July 7, 2022

DSM-5 criticised for over-medicalising “normal behaviour”

Hundreds of thousands of people could be diagnosed as “mentally ill” because they display behaviours now considered normal, in a revised edition of the psychiatrists’ bible, some experts warn.

Hundreds of thousands of people could be diagnosed as “mentally ill” because they display behaviours now considered normal, in a revised edition of the psychiatrists’ bible, some experts warn. Psychiatrists and psychologists are voicing concerns about the latest edition of the Diagnostic and Statistical Manual – the DSM-5 – which classifies every type of mental disorder. They argue that it over-medicalises many cases of normal behaviour. A petition criticising the new edition of the DSM-5 has attracted the signatures of 11,000 psychologists in the US. Its predecessor, the DSM-4, is used worldwide for research and is used by pharmaceutical companies to formulate medications for mental disorders.

The DSM-5, to be published in May, defines shyness in children and uncertainty over gender as mental disorders. Loneliness could be diagnosed as chronic depressive disorder, as well as unhappiness after bereavement. Under the new edition, a rapist could be classified as mentally ill, and could be diagnosed with paraphilic coercive disorder. The DSM-4 – last revised 12 years ago – classifies children who argue and disobey their parents as having oppositional defiance disorder.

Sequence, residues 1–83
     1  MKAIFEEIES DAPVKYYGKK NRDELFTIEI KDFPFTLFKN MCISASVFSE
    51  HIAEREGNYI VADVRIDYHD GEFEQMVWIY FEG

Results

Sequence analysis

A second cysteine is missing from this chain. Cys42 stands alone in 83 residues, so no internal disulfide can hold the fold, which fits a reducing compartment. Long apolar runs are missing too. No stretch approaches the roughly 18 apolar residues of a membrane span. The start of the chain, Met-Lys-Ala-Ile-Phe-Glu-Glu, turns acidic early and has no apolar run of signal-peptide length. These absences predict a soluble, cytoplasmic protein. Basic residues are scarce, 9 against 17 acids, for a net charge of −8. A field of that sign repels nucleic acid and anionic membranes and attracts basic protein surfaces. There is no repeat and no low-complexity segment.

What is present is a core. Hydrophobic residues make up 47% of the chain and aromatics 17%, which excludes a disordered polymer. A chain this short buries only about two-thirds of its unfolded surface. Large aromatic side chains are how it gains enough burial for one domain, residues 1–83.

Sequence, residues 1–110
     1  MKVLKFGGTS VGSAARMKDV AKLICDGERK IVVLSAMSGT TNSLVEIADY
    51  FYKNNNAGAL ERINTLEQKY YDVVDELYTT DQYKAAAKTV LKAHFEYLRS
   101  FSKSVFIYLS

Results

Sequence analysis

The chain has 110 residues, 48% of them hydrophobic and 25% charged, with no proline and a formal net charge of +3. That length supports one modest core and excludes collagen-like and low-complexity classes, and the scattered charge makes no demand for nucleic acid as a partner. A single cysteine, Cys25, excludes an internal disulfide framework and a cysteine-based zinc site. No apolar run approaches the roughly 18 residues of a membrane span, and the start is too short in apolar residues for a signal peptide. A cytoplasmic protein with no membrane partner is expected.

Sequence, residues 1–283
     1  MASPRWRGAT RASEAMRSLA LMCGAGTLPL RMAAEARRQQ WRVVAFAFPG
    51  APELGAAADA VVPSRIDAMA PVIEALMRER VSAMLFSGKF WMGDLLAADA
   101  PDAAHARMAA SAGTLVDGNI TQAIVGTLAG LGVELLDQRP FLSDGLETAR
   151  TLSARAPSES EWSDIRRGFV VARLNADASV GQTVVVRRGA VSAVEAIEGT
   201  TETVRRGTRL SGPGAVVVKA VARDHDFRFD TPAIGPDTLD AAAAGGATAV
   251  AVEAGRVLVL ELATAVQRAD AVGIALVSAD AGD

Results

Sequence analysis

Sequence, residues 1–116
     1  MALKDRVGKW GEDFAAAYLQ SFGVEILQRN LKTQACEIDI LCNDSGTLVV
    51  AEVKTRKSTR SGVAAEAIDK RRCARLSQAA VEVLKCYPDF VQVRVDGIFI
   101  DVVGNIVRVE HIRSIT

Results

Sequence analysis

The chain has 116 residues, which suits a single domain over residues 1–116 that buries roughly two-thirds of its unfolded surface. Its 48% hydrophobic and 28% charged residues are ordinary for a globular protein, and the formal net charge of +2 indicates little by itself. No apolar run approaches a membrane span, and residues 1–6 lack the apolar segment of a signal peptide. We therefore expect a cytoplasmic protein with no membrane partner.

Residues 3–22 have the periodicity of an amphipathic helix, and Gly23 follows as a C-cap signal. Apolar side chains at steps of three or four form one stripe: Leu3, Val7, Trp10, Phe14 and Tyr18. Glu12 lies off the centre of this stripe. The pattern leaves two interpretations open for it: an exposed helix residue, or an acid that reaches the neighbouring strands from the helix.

Professor Nick Craddock, a consultant psychiatrist in Cardiff and director of Wales’ National Centre for Mental Health, said: “Somebody who is bereaved might need help and even counselling, but they did not need a label saying they had a mental illness. I believe that a large proportion of psychiatrists in the UK and Europe are sceptical about DSM-5.” The American Psychiatric Association has defended the DSM-5. The vice-chair of the DSM-5 taskforce wrote: “While we agree that human feelings and behaviors exist on a spectrum that contains some overlap of normal reactions to disease states, psychiatry also recognizes that there are real and discrete disorders of the brain that cause mental disorders and that can benefit from treatment.” ~ Guardian, Feb 9; BMJ, Feb 10

DSM-5 criticised for over-medicalising “normal behaviour”
Jared Yee
neuroscience
psychiatry
US